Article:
Faculty, students, and alumni of the School of Arts and Sciences-Newark (SASN) at Rutgers University in Newark, New Jersey, have found many ways to be of service during the pandemic, from 3D-printing masks for frontline health care workers to delivering food to the elderly and needy. Recently, the Rutgers University-Newark (RU-N) community has found another way to contribute by aiding the city of Newark’s contact tracing efforts via its Lives in Translation Project (LiT).
Created in 2016 by Jennifer Austin, a professor in the Department of Spanish and Portuguese Studies, and a group of RU-N faculty from SASN and Rutgers Law School, LiT leverages the university’s remarkable diversity by recruiting undergraduate volunteers to serve as interpreters and translators to help immigrants seeking legal services.
In April of last year, Newark Alliance, a nonprofit which focuses on economic revitalization and partners with the city on its contact-tracing work, contacted RU-N Chancellor Nancy Cantor to see how the university might get involved. Cantor then reached out to LiT Director Stephanie Rodriguez and LiT Co-Founder Randi Mandelbaum, a professor at Rutgers Law School who runs its Child Advocacy Clinic.
“After speaking with Newark Alliance, Nancy suggested we create a group of both translators/interpreters and legal-clinic experts in case any contacts needed legal advice,” Rodriguez said. “It seemed vital to engage voices for people with limited English proficiency and put them at ease.”
Rodriguez put out a call for student volunteers and was flooded with responses. The program now has 25 volunteers who help provide interpreting and translation in Creole, Portuguese, and Spanish.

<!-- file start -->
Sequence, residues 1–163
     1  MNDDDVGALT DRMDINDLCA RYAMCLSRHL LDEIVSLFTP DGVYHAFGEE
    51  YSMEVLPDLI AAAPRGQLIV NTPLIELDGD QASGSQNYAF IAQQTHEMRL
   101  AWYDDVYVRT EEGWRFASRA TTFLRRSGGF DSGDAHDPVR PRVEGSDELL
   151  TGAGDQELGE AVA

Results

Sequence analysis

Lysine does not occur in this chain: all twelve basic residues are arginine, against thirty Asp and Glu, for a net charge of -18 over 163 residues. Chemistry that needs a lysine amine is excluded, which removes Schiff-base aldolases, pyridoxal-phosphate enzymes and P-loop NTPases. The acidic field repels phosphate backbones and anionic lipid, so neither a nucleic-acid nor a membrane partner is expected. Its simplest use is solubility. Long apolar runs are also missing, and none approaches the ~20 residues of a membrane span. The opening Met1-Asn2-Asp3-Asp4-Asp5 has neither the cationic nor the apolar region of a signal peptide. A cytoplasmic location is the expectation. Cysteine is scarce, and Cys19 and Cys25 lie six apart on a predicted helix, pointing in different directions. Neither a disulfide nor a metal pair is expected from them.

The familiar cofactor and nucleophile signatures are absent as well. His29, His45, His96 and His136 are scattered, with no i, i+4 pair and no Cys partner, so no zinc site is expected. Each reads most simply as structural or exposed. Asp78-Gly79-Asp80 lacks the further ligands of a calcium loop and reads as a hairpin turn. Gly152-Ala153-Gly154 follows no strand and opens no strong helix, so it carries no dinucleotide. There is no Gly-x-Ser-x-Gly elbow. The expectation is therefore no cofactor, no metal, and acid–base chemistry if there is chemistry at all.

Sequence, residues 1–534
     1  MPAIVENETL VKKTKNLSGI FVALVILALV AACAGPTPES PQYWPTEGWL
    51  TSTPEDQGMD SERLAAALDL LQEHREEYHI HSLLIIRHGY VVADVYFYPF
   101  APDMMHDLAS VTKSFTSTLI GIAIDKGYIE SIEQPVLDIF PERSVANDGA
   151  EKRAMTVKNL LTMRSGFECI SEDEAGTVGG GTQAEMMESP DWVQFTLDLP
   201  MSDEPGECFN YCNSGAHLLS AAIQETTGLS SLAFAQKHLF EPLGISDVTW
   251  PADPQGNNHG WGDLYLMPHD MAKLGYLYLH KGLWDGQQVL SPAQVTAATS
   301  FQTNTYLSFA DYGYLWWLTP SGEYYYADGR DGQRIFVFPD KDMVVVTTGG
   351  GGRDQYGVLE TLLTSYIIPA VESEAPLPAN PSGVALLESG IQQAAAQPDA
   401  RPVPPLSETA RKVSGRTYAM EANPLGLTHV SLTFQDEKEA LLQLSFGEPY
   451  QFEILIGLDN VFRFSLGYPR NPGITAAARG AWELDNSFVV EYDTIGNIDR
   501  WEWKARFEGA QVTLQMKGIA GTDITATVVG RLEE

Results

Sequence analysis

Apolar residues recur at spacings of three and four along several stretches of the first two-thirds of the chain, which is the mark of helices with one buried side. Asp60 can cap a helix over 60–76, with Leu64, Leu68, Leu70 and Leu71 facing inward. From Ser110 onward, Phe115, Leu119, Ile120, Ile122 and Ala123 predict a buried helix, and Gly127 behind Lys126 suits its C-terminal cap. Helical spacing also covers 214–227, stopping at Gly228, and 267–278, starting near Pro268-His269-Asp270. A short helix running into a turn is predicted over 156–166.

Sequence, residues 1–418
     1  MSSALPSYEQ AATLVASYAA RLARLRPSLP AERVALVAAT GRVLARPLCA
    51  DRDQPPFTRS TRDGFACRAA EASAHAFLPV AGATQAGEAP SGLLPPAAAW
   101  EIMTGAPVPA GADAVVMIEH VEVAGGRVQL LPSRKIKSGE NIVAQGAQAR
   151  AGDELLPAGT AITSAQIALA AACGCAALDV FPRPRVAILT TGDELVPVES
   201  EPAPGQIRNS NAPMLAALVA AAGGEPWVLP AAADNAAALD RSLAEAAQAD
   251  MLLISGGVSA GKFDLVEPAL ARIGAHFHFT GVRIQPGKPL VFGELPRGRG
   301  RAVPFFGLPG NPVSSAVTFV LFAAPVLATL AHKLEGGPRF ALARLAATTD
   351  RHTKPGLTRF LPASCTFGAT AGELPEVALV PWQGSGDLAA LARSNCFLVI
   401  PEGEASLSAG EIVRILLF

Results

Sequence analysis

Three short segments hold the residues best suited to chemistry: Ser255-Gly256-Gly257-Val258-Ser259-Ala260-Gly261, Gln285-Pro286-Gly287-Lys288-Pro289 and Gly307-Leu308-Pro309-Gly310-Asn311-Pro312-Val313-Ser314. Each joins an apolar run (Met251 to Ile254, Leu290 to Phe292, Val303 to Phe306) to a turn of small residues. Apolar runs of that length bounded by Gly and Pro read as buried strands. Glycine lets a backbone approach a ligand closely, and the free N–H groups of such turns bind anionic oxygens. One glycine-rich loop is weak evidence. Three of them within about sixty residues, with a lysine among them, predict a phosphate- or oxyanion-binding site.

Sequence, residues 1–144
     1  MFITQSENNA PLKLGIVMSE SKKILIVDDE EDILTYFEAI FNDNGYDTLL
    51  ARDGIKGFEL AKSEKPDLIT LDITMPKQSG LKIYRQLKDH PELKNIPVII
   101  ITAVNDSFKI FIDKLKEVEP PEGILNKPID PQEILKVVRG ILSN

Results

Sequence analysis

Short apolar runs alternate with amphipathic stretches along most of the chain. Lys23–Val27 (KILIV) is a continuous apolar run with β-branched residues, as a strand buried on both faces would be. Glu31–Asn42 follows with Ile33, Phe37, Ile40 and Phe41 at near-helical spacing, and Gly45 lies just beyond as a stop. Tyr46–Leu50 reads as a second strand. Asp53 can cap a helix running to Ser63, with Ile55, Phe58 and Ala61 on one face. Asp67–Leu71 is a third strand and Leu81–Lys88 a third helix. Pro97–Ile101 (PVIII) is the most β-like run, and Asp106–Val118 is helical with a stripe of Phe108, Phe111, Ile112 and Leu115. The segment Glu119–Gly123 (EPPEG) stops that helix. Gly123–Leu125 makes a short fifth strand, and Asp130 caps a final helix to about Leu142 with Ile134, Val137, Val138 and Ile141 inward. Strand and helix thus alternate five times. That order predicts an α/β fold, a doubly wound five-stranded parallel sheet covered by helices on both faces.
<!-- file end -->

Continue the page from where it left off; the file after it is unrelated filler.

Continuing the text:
To prepare for the job, volunteers completed a six-hour training, which was a combination of live video sessions and online tutorials, complete with PowerPoint presentations, self-assessments, and scripts, and a follow-up training with the New Jersey Department of Health in June.
Volunteers work from home using Google Voice to connect via audio with Newark residents, identifying themselves as calling on behalf of the Newark Department of Health. They reach out to contacts who may have been exposed to someone with COVID-19, ask if they’re exhibiting symptoms, and identify any underlying conditions the contacts may have.
“I’m so glad that Rutgers University offered this internship,” said Desiree Roquetti, a senior pursuing a BA/MA in political science as part of an accelerated program. “I’ve been able to feel like a valuable member of my community by using my language, communication, and operational skills to help stop the spread of COVID-19.”
Rodriguez has been floored by both the rapidly changing landscape and the enormous response.
“I would never have thought I would be faced with a pandemic my first semester with LiT, but it’s been so encouraging to see how students responded, how our multilingual students wanted to share their language skills, and how LiT students have given a voice for self-advocacy to communities who may not have had one.”
Read Full Article from Rutgers University-Newark School of Arts and Sciences-Newark (01/29/21)
Author: Lerner, Lawrence
News summaries © copyright 2020 SmithBucklin